December 22

Recovering from a Traumatic Brain Injury


We have reached the final part of our blog-series about Traumatic Brain Injury. In the previous blog posts, we gave an introduction and discussed diagnosis and treatment. This blog post will be focusing on recovery from a traumatic brain injury. 

In our last blog post we wrote about some of the advice medical professionals may give you if they are discharging you from hospital following a less severe brain injury. You may be advised to see your GP the week after you are discharged from hospital to see how you are coping. You may also have a number of follow-ups at a head-injury clinic, usually with a specialist, such as a neurologist. Depending on the effects of your head injury, you may also require other types of treatment to help you with recovery, these can include: 

  • Physiotherapy to help with physical weakness, stiffness or poor coordination. 
  • Occupational therapy to help make appropriate work or home adjustments if you are struggling with everyday tasks. 
  • Speech and language therapy 
  • Psychological therapy to help deal with and cope with changes in psychological wellbeing as a result of the brain injury.

There are also charities that you can contact for support for those affected by brain injury and their families. You can contact Headway, the brain injury association, by telephone email or search for their local services. They offer a wide range of services, including rehabilitation programmes, carer support, social reintegration, community outreach and respite carer (short-term support). You can contact them in all cases for support and advice. 

In the more moderate-severe cases, in the first few weeks, swelling, bleeding or changes in brain chemistry often affects the functioning healthy brain tissue. As a result, the individual may not open their eyes or display any signs of awareness. We discussed these states of consciousness in more detail in our last blog post, in case you are interested. As the swelling decreases and blood flow and brain chemistry improves, brain function usually improves, resulting in the individual gaining consciousness and demonstrating signs of awareness, for example responding to stimuli or family members. 

Most commonly, when an individual regains consciousness after their brain injury, a period of confusion and disorientation follows. Medical professionals refer to this as a confusional state, but sometimes it can be called post-traumatic amnesia. During this time, they may have difficulties paying attention, remembering things, sleeping or knowing what is real or not. Additionally, they may be more agitated, nervous, restless and frustrated. This is very distressing for them but also for family members, as this type of behaviour may not be ‘typical’ for them. There is no specific duration an individual will experience this confusional state, some days they may appear to be ‘back to normal’ and other days displaying some of these new behaviours. Most medical professionals will advise you on how to deal with this but also reassure you that it is normal.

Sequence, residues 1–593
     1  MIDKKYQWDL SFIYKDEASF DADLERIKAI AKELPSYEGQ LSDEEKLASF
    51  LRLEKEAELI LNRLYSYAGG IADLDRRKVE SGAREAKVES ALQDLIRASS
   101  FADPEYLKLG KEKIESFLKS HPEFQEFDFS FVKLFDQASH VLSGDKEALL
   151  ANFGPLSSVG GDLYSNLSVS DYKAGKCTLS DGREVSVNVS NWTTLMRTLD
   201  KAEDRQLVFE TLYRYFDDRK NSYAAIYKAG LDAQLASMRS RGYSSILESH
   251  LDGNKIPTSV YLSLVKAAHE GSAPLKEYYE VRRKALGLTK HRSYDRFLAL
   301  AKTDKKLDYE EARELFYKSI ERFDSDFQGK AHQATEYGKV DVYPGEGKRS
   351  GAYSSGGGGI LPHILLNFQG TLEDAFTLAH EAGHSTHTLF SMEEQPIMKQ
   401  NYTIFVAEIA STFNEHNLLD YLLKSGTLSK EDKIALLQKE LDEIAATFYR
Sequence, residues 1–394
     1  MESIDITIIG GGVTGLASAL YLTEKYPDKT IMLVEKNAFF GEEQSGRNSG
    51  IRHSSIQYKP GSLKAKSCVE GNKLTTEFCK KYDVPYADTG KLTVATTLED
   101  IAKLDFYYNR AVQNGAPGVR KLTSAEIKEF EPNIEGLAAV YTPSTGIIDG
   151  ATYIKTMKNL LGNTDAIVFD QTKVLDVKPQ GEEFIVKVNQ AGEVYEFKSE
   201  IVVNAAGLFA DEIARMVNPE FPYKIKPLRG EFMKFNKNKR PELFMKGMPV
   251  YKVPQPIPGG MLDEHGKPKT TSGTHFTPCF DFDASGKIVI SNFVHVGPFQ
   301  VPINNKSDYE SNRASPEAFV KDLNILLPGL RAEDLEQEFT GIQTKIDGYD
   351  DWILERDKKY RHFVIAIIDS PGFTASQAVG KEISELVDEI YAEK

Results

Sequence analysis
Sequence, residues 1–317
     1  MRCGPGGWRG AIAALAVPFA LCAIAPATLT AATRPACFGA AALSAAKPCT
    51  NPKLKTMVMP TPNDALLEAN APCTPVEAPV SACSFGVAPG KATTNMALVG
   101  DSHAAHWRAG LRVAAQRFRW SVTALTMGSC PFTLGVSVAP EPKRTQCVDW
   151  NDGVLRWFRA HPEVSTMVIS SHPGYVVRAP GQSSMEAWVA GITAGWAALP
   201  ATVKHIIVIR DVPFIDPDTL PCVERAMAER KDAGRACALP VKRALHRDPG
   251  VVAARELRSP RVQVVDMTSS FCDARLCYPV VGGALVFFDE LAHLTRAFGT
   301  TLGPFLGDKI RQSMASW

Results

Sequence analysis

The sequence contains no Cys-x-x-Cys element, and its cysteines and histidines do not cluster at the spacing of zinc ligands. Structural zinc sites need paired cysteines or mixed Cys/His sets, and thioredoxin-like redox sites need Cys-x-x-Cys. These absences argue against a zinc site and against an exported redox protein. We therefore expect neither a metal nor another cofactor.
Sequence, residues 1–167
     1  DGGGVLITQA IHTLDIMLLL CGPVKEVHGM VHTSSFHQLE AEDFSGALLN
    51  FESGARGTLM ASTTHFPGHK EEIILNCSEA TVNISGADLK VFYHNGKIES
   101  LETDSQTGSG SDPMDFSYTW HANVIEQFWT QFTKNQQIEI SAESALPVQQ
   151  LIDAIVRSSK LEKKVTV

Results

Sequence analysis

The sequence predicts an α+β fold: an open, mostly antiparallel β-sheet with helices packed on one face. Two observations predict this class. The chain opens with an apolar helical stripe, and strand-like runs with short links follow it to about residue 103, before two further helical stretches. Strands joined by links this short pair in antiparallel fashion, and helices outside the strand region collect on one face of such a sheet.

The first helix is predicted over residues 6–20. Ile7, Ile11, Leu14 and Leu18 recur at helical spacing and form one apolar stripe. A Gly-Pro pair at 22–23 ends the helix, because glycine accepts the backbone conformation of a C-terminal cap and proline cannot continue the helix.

Rate of improvement for each individual varies but usually the fastest improvements occur during the first 6 months post-injury. During these months, an individual may show improvements in the way they think and move.The speed of improvement will then begin to slow-down but is ongoing for years. Because of this, medical professionals often advise the individual to do whatever they can to support their brain health, for example avoiding alcohol and drugs and exercising. 

Following a moderate-severe injury, it is difficult to say whether a person will ever return to ‘normality’. There are many factors that play into this including their age, medical history, environmental factors, level of independence prior to the injury and of course severity of injury. With that being said, unless there are some pressing medical issues that can only be dealt with in a hospital inpatient setting, there will be a discussion about discharging the individual from hospital. To decide what the next steps will be, there will be a formal discharge meeting, usually involving the medical professional in charge of their care, social service staff, hospital or rehabilitation staff and possibly their GP. They will assess and discuss things such as: 

  • What remaining difficulties do they have – physical, cognitive, emotional and behavioural? 
  • Will the patient be safe in their home environment? Can a home visit be arranged to check this? 
  • How will their continuing needs for rehabilitation be met? 
  • What type of support and follow-up will there be at home? 
  • What medications will they need? When should they be taken, and for how long? 
  • Could there be any risk to others (e.g. children in the family) if they return straight home?